Alberta opens COVID-19 vaccine boosters to all adults, reduces attendance at large venues

Alberta is introducing new restrictions at large venues and making vaccine booster shots available to all adults as the Omicron variant continues to spread rapidly.

Venues with a capacity of more than 1,000 customers will be limited to 50 per cent, and businesses with a capacity between 500 and 1,000 will be capped at 500, the Alberta government announced.

Customers won’t be allowed to eat or drink while seated, or during intermission, and have to wear masks at all times.

This will affect NHL games and the World Juniors tournament in Edmonton and Red Deer, Health Minister Jason Copping said.

“With the increased transmission risk of Omicron, it’s important that the overall numbers of people mixing in venues be limited and that attendees remain masked at all times,” he said.

“We need to avoid superspreader events.”

Starting on Christmas Eve, restaurants and bars participating in the Restrictions Exemption Program have to limit tables to 10 customers, prohibit entertainment like dancing, stop serving alcohol by 11 p.m. and close by 12:30 a.m.

The province is also asking Albertans to reduce their social contacts by at least half over the holidays.

“I know this is challenging news to hear just before Christmas and as we head into the new year, but is necessary given what we know and what we’re still learning about the Omicron variant,” Premier Jason Kenney said.

Indoor gatherings remain limited to 10 people, not including minors, and outdoor gatherings are limited to 20 people.

VACCINE BOOSTERS

Starting immediately, the province said all adult Albertans who had received their second COVID-19 vaccine more than five months ago could book a third shot online or by calling Alberta Health Services at 811.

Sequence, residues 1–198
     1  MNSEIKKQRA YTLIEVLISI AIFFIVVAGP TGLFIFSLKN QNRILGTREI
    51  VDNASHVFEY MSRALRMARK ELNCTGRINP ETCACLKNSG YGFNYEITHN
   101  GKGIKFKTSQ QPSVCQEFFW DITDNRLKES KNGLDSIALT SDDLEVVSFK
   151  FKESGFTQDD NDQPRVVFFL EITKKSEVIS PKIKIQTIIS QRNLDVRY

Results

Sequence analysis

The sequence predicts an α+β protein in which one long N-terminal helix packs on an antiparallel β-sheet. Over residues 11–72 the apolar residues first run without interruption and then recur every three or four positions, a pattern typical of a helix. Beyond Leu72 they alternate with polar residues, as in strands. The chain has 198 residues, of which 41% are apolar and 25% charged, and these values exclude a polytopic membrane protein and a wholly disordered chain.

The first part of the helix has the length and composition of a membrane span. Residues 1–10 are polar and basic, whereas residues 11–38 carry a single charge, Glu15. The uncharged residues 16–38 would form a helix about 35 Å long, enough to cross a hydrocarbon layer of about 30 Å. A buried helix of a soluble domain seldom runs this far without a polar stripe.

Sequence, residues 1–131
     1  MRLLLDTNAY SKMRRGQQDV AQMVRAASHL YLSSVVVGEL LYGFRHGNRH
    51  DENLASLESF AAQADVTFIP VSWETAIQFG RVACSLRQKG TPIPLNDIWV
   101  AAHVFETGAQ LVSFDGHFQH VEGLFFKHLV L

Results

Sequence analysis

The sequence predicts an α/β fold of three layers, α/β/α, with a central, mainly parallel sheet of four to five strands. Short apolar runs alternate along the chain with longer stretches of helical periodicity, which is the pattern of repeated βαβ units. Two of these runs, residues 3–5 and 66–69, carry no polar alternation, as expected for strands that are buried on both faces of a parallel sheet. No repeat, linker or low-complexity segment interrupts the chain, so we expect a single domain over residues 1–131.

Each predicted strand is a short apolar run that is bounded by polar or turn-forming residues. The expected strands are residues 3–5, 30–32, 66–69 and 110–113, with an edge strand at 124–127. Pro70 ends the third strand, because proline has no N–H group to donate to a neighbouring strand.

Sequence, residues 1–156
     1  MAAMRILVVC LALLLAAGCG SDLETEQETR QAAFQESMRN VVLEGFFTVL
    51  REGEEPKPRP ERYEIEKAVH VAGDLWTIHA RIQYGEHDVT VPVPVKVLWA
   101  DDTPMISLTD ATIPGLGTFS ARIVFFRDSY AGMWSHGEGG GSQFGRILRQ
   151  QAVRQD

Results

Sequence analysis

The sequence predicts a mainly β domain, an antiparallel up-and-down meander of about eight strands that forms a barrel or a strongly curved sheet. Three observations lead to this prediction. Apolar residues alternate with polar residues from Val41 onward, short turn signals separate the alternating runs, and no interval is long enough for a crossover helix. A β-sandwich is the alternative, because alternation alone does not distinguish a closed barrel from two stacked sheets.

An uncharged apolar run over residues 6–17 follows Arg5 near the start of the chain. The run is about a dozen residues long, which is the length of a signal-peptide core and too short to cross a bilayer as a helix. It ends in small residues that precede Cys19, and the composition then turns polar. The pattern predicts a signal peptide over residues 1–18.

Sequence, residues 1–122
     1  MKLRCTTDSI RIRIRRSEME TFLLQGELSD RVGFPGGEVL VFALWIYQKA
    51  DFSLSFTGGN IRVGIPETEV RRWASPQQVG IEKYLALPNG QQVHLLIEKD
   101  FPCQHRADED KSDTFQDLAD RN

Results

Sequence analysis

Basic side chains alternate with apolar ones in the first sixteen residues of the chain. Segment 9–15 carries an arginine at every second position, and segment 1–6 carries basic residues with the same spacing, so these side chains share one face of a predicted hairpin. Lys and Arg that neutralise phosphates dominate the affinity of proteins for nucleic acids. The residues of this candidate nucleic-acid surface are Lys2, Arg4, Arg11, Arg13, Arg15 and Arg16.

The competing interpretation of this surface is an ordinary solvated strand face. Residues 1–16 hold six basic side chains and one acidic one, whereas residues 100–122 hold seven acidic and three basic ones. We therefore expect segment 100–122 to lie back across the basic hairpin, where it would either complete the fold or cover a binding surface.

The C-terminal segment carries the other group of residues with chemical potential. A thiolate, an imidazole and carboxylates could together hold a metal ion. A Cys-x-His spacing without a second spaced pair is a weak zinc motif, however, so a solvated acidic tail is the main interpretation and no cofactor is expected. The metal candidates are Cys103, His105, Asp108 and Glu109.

“The most powerful protection from this highly contagious variant is to get a booster shot,” Kenney said in a written statement. “I urge all Albertans to step up and protect themselves and the health-care system with a booster as soon as they can.”

Albertans have been encouraged to take the first mRNA vaccine available to them, as both the Pfizer and Moderna products have shown high levels of protection against COVID-19 and severe outcomes of the disease.

While studies have suggested the Moderna shot carries a slightly higher risk of causing myocarditis in younger people, particularly men, officials have reminded the public the risk is lower than experiencing the condition as a result of COVID-19.

Pfizer will be offered to Albertans aged 18-29 as a cautionary measure, Alberta Health said.

Among all Albertans, 78.7 per cent have now had at least one dose of vaccine, and 72.6 per cent of the entire population has had a second dose.

More than 142,000 doses of vaccine have now been administered to children between the ages of five and 11.

‘TAKE OMICRON VERY SERIOUSLY’

Also on Tuesday, Alberta reported 786 new cases, the highest since Oct. 14.

The province’s Omicron case count also grew by 564, up to 1,609, an increase from a case count of just 50 a week ago.

Hinshaw, who said she cancelled her own Christmas plans, repeated to reporters several times that Albertans need to take Omicron “very seriously” and reduce their contacts.

“Omicron is highly transmissible with data here and around the world showing that case counts of these variants are doubling every two to three days,” Chief Medical Officer of Health Dr. Deena Hinshaw said. “Omicron is now our dominant strain and there is increasing community transmission in the province. This means if someone tests positive for COVID-19, they should assume they have the Omicron variant.

“In the next few weeks, we will see transmission rise to heights we have not seen before. We don’t know what that will do to the health-care system.”

Hinshaw announced Alberta Health is redirecting contact tracing to high-risk settings, like continuing care facilities, and asked everyone else who tests positive for COVID-19 to notify their close contacts.

There are now 329 COVID-19 patients in hospitals, including 69 in intensive care units.

Alberta’s next data update is scheduled for Wednesday afternoon. 

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